Argentine Foreign Minister Hector Timerman on Monday quoted a letter written by President Cristina Fernandez to Palestinian leader Mahmoud Abbas, in which she informed him of her government’s decision to recognize Palestine as “a free and independent state” within the 1967 borders.
The decision is based on a “deep desire to see an advance in the negotiation process (between Israel and the Palestinians) leading to the establishment of a just peace in the Middle East” said Timerman.
Israeli Foreign Ministry spokesman Yigal Palmor described Argentina’s announcement as “highly damaging and regrettable,” saying it “shattered the foundation of the peace process,” according to the Ha’aretz newspaper.
The Israeli official said the recognition stampede while peace negotiations are ongoing is “contrary to the existing legal framework of the peace process,” adding that it will not change the existing situation or promote reconciliation between the feuding parties.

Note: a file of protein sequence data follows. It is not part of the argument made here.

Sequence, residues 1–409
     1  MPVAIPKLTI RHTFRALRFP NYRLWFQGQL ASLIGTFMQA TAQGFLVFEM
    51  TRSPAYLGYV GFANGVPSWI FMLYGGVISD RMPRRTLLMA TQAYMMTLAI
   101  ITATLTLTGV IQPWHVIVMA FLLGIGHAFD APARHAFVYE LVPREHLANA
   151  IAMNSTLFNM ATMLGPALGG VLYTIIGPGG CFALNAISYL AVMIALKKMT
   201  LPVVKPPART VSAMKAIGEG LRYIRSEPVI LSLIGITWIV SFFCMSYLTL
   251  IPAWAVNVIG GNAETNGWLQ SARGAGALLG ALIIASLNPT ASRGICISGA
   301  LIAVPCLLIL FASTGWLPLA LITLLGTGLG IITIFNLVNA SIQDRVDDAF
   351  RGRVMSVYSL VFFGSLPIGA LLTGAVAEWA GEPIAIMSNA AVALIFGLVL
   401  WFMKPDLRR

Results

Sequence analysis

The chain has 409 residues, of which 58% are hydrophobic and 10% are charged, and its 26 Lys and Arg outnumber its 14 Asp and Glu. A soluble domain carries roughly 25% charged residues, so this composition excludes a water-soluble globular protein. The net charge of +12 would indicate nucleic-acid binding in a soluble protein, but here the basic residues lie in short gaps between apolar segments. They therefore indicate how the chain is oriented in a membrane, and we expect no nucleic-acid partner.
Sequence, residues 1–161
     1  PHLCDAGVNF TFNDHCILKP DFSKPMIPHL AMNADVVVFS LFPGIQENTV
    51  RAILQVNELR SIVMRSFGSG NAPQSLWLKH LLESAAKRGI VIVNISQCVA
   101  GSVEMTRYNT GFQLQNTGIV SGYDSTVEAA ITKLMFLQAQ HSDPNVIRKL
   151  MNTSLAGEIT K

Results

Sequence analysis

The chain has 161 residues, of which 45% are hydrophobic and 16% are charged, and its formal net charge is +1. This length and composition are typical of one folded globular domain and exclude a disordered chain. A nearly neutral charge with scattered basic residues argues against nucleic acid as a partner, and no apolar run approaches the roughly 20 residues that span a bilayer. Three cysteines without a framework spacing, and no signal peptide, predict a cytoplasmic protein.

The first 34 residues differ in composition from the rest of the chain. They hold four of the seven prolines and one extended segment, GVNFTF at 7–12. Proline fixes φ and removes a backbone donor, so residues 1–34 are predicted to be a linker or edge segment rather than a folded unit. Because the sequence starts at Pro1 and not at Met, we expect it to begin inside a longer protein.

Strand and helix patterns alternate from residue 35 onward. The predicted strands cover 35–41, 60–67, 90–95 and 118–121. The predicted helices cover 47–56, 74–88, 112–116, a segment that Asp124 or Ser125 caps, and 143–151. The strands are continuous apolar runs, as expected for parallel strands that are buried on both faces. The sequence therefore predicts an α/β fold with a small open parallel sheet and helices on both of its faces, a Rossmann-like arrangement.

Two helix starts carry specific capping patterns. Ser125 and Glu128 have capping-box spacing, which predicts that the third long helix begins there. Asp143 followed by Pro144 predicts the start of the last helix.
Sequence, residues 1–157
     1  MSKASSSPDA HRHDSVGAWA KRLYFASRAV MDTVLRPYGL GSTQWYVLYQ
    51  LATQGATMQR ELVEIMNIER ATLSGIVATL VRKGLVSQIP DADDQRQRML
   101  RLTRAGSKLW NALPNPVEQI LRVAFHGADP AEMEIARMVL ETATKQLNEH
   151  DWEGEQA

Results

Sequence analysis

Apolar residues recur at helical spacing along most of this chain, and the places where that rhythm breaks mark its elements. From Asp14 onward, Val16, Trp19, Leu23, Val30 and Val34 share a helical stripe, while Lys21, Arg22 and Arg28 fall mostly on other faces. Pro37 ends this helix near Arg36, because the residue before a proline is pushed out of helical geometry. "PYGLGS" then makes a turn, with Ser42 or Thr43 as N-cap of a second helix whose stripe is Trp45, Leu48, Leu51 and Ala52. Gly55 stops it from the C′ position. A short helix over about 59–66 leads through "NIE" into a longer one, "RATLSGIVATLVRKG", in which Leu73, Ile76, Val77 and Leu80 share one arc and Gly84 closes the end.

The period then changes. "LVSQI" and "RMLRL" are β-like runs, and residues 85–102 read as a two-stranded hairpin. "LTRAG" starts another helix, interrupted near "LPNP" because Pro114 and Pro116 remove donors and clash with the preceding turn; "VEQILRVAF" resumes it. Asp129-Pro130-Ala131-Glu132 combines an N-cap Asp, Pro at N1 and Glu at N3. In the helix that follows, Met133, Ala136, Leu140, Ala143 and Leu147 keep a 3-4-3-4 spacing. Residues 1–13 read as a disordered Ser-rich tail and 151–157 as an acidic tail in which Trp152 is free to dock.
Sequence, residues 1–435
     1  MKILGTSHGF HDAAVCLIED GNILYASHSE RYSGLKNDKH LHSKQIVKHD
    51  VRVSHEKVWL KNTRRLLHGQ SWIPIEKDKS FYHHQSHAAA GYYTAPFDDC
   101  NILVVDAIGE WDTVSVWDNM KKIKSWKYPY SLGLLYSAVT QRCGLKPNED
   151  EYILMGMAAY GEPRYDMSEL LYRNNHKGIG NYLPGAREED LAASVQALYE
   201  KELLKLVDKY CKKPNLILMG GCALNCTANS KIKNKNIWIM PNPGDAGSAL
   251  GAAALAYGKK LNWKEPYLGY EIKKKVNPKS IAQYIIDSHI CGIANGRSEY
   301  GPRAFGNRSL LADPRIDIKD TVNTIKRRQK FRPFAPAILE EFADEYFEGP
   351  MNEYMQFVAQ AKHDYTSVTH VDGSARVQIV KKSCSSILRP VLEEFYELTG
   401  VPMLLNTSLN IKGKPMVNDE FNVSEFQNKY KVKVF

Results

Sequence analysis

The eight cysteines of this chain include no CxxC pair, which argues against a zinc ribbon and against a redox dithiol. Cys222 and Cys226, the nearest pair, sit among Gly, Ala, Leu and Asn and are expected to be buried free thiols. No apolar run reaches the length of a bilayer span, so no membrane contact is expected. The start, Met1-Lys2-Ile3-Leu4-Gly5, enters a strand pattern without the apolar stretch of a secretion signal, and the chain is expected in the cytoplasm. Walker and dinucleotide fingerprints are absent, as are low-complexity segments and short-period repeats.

Another Foreign Ministry official on Tuesday noted the declarations “constitute a breach of an intermediate agreement signed by Israel and the Palestinian National Authority (PNA) in 1995, which determines that the status of the West Bank can only be determined through negotiations.”
Brazil recognized on Friday the state of Palestine based on borders before Israel seized control of the West Bank in 1967. The Brazilian Foreign ministry said the recognition was in response to a request made by Palestinian President Mahmoud Abbas to Brazilian president Luiz Inácio Lula da Silva earlier this year.